Telling the tales of vegetarians


Photo by and used with the permission of Markus Spiske

Although most people assume being vegetarian is mostly eating vegetables, Eryss Bullock, sophmore, says that it’s easy for vegetarians to only eat junk food.

Meat is a common staple of the American diet. People eat turkey on Thanksgiving, hotdogs at baseball games, and chicken wings during the Superbowl. But nearly 3% of Americans, according to The Vegetarian Resource Group, are not accounted for in these traditions. This 3% are vegetarians.

For Aarya Patel, sophomore, her decision to become a vegetarian was fueled by ethical reasons. 

 “I [became a vegetarian] because it makes me feel good,” Patel said. “I just don’t want to eat animals, that’s just my personal choice. And I don’t want to contribute to the negative effects on the environment [caused by] the meat industry.” 

These negative effects, for example, include the 41% of all deforestation that the meat industry accounts for, according to Our World in Data. As global warming becomes more prevalent in the modern world, more people like Patel make these changes to their diet according to Sentient Media. 

However, according to Patel, as vegetarianism and veganism becomes more popular, restaurants do not always accommodate these kinds of diets.

“It’s just a hassle [to] check the menu of the restaurant every time before [going] and making sure they have something for you. But you can usually find a place,” Patel said.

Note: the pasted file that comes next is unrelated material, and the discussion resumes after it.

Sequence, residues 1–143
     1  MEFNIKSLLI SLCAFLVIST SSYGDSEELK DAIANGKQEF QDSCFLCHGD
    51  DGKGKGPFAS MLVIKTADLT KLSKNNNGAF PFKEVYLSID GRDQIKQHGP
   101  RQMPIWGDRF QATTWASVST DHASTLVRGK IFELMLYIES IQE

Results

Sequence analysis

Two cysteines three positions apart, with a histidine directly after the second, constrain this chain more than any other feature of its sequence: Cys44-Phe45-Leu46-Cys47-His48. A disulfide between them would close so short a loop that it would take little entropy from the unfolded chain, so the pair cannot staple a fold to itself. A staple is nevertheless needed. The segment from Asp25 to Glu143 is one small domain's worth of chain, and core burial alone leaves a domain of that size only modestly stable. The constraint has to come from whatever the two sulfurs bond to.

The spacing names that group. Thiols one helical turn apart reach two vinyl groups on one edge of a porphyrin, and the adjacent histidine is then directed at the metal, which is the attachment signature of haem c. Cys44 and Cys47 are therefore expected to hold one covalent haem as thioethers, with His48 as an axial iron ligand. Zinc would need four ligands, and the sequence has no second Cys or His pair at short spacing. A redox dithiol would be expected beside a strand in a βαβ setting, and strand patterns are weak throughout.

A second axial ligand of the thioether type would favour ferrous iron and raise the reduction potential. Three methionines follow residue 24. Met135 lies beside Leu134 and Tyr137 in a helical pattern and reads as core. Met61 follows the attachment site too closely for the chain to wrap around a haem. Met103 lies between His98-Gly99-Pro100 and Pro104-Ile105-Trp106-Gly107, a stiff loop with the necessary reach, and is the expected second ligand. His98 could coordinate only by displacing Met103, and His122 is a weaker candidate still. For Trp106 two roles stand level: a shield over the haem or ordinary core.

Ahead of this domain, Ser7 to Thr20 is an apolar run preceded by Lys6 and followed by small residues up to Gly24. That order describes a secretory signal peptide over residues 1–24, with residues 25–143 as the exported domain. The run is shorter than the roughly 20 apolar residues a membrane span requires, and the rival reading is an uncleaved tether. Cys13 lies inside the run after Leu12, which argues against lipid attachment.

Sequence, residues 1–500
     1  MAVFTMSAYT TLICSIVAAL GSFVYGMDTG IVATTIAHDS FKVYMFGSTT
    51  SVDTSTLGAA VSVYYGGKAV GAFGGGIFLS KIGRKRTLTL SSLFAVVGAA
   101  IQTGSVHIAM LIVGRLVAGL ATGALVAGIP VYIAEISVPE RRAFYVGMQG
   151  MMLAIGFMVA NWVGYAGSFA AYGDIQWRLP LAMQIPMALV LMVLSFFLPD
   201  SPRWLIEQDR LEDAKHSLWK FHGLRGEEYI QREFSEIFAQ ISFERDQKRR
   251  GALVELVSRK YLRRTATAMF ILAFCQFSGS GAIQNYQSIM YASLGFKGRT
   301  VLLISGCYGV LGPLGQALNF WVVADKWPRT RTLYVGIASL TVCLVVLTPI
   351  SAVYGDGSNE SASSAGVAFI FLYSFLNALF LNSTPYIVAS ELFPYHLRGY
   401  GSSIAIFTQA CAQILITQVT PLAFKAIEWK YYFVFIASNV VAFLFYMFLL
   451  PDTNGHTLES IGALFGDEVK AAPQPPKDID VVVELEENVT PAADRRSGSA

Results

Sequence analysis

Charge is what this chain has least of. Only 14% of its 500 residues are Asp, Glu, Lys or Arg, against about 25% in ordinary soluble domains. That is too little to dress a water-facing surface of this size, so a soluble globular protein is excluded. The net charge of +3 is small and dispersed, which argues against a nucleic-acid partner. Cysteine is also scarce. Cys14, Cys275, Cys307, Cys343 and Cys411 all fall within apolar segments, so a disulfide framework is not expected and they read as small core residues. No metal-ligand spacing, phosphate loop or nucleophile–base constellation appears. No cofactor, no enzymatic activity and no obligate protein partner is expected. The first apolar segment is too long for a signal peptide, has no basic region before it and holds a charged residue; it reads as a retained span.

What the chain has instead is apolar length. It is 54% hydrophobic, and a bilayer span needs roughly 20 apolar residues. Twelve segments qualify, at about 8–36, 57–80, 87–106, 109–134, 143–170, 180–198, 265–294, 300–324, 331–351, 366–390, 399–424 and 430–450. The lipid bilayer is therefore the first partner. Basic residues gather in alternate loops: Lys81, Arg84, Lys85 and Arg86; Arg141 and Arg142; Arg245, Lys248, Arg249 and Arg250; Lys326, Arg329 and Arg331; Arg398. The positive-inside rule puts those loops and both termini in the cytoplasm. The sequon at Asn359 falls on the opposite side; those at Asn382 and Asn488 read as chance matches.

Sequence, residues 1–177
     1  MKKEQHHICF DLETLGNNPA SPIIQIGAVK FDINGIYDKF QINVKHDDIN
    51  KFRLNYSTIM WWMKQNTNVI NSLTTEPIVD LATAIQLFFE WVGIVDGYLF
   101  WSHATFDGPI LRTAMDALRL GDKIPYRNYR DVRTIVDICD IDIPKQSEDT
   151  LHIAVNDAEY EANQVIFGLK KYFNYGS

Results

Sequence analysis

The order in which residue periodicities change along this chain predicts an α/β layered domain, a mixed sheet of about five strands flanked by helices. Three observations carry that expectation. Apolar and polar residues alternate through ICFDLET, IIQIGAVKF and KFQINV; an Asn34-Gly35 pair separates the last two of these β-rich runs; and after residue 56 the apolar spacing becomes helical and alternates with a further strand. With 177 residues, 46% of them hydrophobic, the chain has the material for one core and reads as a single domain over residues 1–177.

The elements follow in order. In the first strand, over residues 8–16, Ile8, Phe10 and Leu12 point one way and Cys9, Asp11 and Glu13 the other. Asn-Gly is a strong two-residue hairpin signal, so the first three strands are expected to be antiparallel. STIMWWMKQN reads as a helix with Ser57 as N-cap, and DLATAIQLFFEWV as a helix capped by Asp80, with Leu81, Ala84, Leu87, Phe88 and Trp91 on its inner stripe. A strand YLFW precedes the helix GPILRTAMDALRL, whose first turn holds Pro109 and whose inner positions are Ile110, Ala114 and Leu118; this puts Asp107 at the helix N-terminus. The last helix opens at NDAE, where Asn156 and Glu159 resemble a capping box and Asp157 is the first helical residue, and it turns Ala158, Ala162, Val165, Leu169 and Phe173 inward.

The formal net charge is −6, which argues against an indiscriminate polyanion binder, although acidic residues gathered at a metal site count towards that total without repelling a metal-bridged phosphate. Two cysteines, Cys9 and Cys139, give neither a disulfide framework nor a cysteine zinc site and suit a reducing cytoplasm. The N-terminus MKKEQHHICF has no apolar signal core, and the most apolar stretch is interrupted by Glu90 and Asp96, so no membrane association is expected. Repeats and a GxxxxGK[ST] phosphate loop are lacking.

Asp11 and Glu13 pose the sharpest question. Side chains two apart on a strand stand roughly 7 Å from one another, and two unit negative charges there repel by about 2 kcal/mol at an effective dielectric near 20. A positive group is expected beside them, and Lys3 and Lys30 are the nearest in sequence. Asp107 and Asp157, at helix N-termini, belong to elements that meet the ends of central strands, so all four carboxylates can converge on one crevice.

For example, fast food chains such as Burger King and Chipotle are adding more vegetarian options to their menus. 

Eryss Bullock, sophomore, who has been vegetarian since she was born, says she appreciates the increase in representation and options for vegetarians. 

“I enjoy [the options] very much,” Bullock said. “It gives me that experience of being able to enjoy a meal with everybody and not be the one eating a side salad while everyone’s having an actual meal.”

Even as vegetarianism becomes more popular, Bullock says it does have its struggles. 

“I’ve had many encounters with people shaming me [for being a vegetarian],” Bullock said. “I remember a specific encounter with a student: I was sitting on the bus and he told me to ‘eat some meat, you skinny twig. Being vegetarian is stupid.’ I [don’t] feel personally hurt by it, but some people choose to be ignorant and not educate themselves.”

 Louisa Hagen, senior, has had obstacles of her own, and says she struggles to obtain protein without eating meat. 

“I usually just end up eating just a lot of carbs like fruits and vegetables, and I suddenly realize, ‘Wait, I didn’t actually eat much protein today.’ So I tried to just kind of make up for that through things like tofu, yogurt, and beans,” Hagen said. 

Although being vegetarian may have limited many of her food options, Hagen says she has also discovered new foods through this lifestyle.

“I really love tofu now, which I did not before,” Hagen said. “I used to never eat it and now I eat it a ton. I feel like now I’ve discovered a lot of recipes and foods that I wouldn’t have otherwise found.